Cellular agriculture is an emerging and fascinating means for feeding the world’s population, using modern tech to farm meat from cells, rather than animals.
And in Australia, Dr Bianca Le is at the forefront of the movement, having recently founded Cellular Agriculture Australia, a nonprofit dedicated to promoting and accelerating R&D in the industry. The organisation is also driving public awareness of this growing field (check out this explainer on their website).
They are also clear on why the work is so important: the planet has finite resources but more people requiring food and particularly protein. Humanity is also facing three major challenges in climate change, food scarcity and zoonotic diseases — challenges that will only be further exacerbated with rising meat consumption.
Growing from meat from cells, as well as other animal products like eggs, milk and leather, presents an opportunity to use less land, water and energy compared with traditional agriculture methods. Ultimately, it’s an opportunity to move away environmentally-destructive intensive factory farming.
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Le is communicating just how STEM can be used to tackle some of the world’s greatest problems, and why including women is essential to meeting these challenges: climate change, food insecurity, human diseases, animal suffering, gender inequality and more.
Indeed, essential to Le’s work is that when she’s not doing the science, she’s talking about it. She’s a regular spokesperson and advocate in her field, in the media, at international conference, and while publishing articles on everything from diversity in STEM to ecology, biomedice, agtech and more.
When it comes to a grow and emerging area like cellular ag, communicating the message and often starting the conversations, is absolutely essential.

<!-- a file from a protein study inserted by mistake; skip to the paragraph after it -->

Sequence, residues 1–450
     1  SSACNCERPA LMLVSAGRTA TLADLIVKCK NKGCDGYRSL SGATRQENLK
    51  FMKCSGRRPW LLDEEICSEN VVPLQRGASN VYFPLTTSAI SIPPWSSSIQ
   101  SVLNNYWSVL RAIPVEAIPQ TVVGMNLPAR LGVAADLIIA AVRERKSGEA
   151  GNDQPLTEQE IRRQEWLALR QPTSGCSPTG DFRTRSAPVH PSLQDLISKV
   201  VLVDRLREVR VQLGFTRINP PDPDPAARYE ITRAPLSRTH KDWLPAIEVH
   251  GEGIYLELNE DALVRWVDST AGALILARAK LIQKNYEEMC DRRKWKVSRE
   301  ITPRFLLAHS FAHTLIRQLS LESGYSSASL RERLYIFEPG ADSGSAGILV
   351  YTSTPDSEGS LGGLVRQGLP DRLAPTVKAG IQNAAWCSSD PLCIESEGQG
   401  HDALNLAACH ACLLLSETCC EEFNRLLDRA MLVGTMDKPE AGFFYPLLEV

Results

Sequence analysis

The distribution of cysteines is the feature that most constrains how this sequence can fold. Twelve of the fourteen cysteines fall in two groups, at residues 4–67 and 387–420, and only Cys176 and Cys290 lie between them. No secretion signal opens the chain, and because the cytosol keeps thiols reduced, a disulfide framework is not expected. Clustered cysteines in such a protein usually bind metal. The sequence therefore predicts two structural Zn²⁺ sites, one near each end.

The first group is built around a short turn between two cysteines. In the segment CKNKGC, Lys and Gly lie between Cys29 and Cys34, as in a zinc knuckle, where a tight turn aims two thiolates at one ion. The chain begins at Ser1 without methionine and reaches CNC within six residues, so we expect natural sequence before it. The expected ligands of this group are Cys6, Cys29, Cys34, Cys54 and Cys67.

As a cell biologist, Le’s also just recently completed a PhD at Monash University on understanding how premature birth can lead to long-term cardiovascular disease, the greatest killer in the world.
She’s the latest to answer our STEM Gamechanger Q&A.
In one sentence, how do you describe what you do?
I am a cell biologist who founded an organisation to build a new research field – cellular agriculture – in Australia.
Is the career you always imagined, how did you get here?
I initially wanted a career as a researcher and lecturer in academia. Throughout my PhD, I was fortunate enough to gain work experience in non-academic organisations, including a volunteer position as a Treasurer for a community organisation, a science policy internship at the Academy of Technology and Engineering (ATSE), and a science writing position at a scicomm agency called Scientell.
These unique experiences opened my eyes to the world outside of academia and gave me the soft skills and networks to essentially create my own dream job. I never would have considered establishing a nonprofit organisation until I’d met more and more people like me who had successfully done so.
What drives your passion for pursuing this work with cells?
It’s so hard to avoid hearing about all the major problems our world is currently facing. Knowing that I am privileged enough to utilise my resources (like career capital and time) to make a meaningful impact inspires me to try and leave the world better than I left it.
What has been pivotal in supporting your STEM career?
My 6 month Science Policy internship at the Academy of Technology and Engineering completely changed my understanding of the world of STEM outside the bubble of my own research field.
Science policy lies within the intersection between government, industry, education and academia. My time at ATSE gave me a high level understanding of how different sectors and industries interact. I also met many of my mentors, role models and current friends during that time!
What more needs to or can be done to support more women in STEM?
Two things: quotas in high ranking leadership positions and equal maternity/paternity leave.
Is there any key tips you can share for other women in STEM?
Build your inner circle of supporters. Find like minded people who will mentor and sponsor you and be sure to pay that generosity forward.